sjcmum Wed 07-Oct-09 14:04:07

Definitely comes in phases - so keep offering a range of things - and don't give in to give them something different. There are various things my DD would eat at 1 or 2 which she won't eat now (proudly telling me I liked them when I was 2 but not when I'm 3). But at the same time there are other things that she has started to eat.

Definitely makes a big difference all eating together. We eat dinner early with the kids, so she sees us eating different things. Sometimes I won't give her exactly the same as us - like last night the casserole was pureed up and made into a pasta sauce for her - but other times she just picks out the bits she doesn't want.

As others have said - try not to worry too much, pressure is the last thing he needs as and long as he's getting a mix of things, even if a limited mix, then that's fine. Good luck!

MumOfAPickle Wed 07-Oct-09 14:13:26

my DS (19 months) was struggling with finger food until he wanted to try some of my houmous (my starving hungry healthy snack while he has tea!) and its turned him around. He'll happily eat most veg/meat/potato as long he's got a bit of "dip dip"

Its really tough though especially if you've got an active/skinny one. I hate it when mine refuses a meal and usually cave and offer something I know he'll eat blush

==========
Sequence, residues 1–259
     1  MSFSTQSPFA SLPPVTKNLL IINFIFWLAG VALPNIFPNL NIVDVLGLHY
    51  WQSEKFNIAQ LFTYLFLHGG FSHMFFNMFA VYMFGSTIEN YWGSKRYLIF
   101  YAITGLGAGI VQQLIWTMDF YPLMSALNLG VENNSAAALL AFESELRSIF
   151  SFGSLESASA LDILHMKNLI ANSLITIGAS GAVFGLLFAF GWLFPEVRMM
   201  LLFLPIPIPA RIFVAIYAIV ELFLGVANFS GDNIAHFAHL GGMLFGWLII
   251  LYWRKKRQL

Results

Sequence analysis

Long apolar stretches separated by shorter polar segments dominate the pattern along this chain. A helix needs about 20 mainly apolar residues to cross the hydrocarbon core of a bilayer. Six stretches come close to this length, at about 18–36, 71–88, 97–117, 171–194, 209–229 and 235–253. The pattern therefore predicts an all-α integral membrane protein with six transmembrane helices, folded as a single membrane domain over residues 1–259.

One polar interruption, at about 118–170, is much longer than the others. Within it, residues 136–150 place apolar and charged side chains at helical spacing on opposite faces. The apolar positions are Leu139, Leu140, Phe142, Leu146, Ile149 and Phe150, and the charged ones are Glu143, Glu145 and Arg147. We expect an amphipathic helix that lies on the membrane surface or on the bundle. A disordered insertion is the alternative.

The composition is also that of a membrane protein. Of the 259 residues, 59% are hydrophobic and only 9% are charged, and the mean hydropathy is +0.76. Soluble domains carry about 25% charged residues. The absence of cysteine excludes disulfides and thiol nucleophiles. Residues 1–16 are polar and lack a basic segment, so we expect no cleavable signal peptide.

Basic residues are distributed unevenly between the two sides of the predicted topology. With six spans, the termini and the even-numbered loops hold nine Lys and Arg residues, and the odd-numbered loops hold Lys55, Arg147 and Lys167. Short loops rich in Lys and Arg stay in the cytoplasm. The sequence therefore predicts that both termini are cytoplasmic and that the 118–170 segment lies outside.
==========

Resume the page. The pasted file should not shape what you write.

puppie Wed 07-Oct-09 14:19:26

Pyrocanthus your'e right, I do tend to make assumptions about certain foods and dont even try some thinking "well if he doesnt like potato then theres NO WAY he will like swede" IYSWIM. I'll try not to do that, maybe he will surprise me!

grin@meep. My DS(who loves vanilla yoghurt) wont eat the yummy expensive one with the real vanilla in it because of the microscopic black specks. Maybe I should count my blessings with the food he DOES eat though.

sjcmum unfortunately while I totally agree about eating together unfortunately during the week it isnt possible for us as we both work full time and get home at 6.30 so DS gets meals I have cooked and frozen over the weekend with any added extras I want him to try. We eat together at weekends though.

MunkyNuts Wed 07-Oct-09 16:04:00

Check out this thread. It had loads of useful advice on it including putting a selection of things in bowls in the centre of the table so DC can choose what they want to eat.